TikTok users, K-pop fans say they helped sabotage Trump rally with false registrations

TikTok users and fans of Korean pop music took partial credit for inflating attendance expectations at a less-than-full arena at President Donald Trump’s first political rally in months, held in Tulsa, Oklahoma, on Saturday.
Social media users on platforms including the popular video-sharing app have said they completed the free online registration for the rally with no intention of going.
Prior to the event, Trump’s campaign manager Brad Parscale said there had been more than one million requests to attend. However, the 19,000-seat BOK Center arena had many empty seats on Saturday evening and Trump and Vice President Mike Pence canceled speeches to an expected “overflow” area outside.
The Tulsa Fire Department tallied the crowd at about 6,200 people.
Trump’s campaign advisers had seen the rally as a way to rejuvenate his base and demonstrate support when opinion polls have shown him trailing his Democratic rival, former vice president Joe Biden.
Oklahoma has reported a surge in new coronavirus cases, and the state’s department of health had warned those planning on attending the event that they faced an increased risk of catching the virus.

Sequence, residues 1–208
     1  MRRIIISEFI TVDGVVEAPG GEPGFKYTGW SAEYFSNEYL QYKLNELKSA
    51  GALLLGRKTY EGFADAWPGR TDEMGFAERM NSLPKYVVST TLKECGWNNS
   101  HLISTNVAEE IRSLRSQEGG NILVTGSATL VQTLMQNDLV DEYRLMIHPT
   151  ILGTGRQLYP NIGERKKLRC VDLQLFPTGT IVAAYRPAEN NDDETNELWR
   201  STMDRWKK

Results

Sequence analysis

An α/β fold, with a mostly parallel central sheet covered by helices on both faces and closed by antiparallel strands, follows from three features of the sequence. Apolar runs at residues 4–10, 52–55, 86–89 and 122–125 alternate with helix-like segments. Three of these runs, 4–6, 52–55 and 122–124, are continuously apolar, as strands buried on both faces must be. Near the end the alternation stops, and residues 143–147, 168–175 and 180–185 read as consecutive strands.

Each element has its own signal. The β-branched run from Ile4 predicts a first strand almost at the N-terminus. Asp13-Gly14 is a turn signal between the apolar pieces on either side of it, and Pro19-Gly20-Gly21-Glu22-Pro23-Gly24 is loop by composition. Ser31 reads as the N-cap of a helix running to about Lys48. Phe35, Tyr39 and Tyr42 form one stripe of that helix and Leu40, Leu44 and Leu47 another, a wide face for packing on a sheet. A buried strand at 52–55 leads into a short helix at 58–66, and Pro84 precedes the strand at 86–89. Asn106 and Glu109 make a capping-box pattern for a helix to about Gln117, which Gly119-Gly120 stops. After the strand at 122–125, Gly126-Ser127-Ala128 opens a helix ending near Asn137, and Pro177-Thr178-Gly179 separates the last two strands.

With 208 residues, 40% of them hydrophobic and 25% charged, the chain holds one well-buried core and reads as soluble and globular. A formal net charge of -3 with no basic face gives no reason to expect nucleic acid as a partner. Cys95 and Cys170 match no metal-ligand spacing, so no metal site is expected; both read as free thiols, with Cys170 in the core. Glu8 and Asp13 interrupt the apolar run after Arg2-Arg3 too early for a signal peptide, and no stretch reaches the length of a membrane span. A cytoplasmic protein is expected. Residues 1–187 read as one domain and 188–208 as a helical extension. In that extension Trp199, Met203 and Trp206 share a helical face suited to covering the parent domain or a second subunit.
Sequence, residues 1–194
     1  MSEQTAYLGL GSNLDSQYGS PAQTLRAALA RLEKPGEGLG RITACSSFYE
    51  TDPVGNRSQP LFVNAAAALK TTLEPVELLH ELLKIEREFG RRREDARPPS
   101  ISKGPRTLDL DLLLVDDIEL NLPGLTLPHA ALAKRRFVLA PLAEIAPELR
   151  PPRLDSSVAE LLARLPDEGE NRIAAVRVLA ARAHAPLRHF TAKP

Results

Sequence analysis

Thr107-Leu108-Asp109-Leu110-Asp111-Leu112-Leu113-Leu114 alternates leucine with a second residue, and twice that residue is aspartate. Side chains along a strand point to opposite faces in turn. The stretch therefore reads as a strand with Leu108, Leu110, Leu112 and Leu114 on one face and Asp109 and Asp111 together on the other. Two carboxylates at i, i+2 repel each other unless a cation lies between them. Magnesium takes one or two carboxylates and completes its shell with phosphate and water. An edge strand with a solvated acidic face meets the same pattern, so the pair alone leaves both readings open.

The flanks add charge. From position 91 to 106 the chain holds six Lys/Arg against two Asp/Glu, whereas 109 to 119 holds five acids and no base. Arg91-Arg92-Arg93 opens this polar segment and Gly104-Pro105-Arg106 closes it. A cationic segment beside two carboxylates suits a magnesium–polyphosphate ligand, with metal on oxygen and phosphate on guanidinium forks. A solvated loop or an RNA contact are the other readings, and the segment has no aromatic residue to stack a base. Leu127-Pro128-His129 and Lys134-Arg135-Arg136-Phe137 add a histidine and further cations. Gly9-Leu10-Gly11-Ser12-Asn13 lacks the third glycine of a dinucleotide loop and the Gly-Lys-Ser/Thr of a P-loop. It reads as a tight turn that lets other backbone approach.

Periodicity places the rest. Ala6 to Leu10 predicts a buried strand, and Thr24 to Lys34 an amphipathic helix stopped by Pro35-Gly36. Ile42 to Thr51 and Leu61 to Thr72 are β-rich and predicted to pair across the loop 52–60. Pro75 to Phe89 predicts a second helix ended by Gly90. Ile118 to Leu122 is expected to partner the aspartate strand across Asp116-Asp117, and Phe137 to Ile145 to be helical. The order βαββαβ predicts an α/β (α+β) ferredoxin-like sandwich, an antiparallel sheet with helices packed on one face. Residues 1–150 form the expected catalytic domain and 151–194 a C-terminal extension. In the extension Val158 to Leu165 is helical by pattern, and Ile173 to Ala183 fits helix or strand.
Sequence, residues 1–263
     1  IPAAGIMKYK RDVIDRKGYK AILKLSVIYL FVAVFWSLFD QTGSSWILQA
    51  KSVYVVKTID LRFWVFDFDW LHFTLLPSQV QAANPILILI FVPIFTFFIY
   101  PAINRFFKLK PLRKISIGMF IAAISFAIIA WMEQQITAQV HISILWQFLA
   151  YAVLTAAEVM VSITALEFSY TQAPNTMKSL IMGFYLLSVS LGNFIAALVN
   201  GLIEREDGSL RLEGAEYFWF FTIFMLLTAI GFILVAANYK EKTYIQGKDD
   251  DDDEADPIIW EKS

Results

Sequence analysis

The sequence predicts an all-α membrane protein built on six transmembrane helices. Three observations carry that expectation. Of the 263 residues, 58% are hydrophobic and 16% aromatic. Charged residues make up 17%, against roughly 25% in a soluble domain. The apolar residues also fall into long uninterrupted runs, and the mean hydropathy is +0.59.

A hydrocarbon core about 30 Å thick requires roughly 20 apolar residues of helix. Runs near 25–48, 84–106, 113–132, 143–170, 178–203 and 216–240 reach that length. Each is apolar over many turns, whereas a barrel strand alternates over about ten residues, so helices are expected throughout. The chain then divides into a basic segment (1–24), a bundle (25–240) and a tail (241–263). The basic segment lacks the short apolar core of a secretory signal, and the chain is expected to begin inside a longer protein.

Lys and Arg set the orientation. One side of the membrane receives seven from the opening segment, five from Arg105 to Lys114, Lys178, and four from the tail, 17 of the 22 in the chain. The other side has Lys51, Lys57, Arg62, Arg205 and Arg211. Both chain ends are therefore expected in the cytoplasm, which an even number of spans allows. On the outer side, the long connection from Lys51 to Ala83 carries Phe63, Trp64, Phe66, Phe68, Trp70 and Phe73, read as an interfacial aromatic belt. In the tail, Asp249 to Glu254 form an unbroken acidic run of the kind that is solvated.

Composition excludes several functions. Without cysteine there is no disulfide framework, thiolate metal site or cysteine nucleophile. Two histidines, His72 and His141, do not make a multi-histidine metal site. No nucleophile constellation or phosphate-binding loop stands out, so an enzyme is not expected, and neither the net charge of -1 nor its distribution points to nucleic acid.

The Trump campaign said entry was on a ‘first-come-first-served’ basis and no one was issued an actual ticket.
“Leftists always fool themselves into thinking they’re being clever. Registering for a rally only means you’ve RSVPed with a cellphone number,” Trump campaign spokesman Tim Murtaugh said in a statement. “But we thank them for their contact information.”
Parscale said in a statement the campaign weeds out bogus phone numbers and did this with “tens of thousands” at the Tulsa event in calculating possible attendance.
Representative Alexandria Ocasio-Cortez, a Democrat, responded with derision to a Twitter post by Parscale that blamed the media for discouraging attendees and cited bad behavior by demonstrators outside.
“Actually you just got ROCKED by teens on TikTok who flooded the Trump campaign w/ fake ticket reservations & tricked you into believing a million people wanted your white supremacist open mic enough to pack an arena during COVID,” she tweeted on Saturday. “KPop allies, we see and appreciate your contributions in the fight for justice too,” she added.
CNN had reported Tuesday that a TikTok video posted by Mary Jo Laupp, who uses the hashtag #TikTokGrandma, was helping lead the charge. The video now has more than 700,000 likes.
Two K-pop fans who spoke to Reuters in Skype and phone interviews on Sunday said they had each registered for two spots, not using their real names and numbers.
Raq, a 22-year-old student and Democratic voter in Minnesota who only wanted to be identified by her nickname, said a key reason she took part was that the rally was in Tulsa, the site of the country’s bloodiest outbreaks of racist violence against Black Americans some 100 years ago.
“I heard it first from just BTS fans and then once I saw that it got to TikTok, I was like, oh yeah, this is going to blow up,” she said, referring to a popular South Korean boy-band.
Em, a 17-year-old student in Kansas who only wanted to be identified by her username, said she had first heard about the effort on TikTok. She said many of the original tweets sharing information about the rally had been deleted.